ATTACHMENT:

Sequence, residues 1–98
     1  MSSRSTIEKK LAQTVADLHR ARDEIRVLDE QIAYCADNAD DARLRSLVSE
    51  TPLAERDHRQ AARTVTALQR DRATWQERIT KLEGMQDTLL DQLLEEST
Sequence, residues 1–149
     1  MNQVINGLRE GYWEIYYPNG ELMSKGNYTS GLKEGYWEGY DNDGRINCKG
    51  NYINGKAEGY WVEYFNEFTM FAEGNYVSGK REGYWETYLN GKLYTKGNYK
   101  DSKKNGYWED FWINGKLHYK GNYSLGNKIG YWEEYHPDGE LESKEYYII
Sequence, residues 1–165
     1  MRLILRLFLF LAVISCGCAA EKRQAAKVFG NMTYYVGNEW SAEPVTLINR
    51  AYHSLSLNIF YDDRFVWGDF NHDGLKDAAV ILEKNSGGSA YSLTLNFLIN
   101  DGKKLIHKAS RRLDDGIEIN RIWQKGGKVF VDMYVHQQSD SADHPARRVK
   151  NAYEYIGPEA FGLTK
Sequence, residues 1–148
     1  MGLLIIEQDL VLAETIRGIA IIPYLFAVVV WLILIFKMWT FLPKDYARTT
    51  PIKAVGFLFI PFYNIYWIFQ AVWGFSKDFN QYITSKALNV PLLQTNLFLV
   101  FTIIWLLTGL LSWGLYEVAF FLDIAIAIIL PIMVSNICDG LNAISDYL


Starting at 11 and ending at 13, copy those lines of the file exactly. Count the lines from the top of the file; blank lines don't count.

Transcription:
   101  DGKKLIHKAS RRLDDGIEIN RIWQKGGKVF VDMYVHQQSD SADHPARRVK
   151  NAYEYIGPEA FGLTK
Sequence, residues 1–148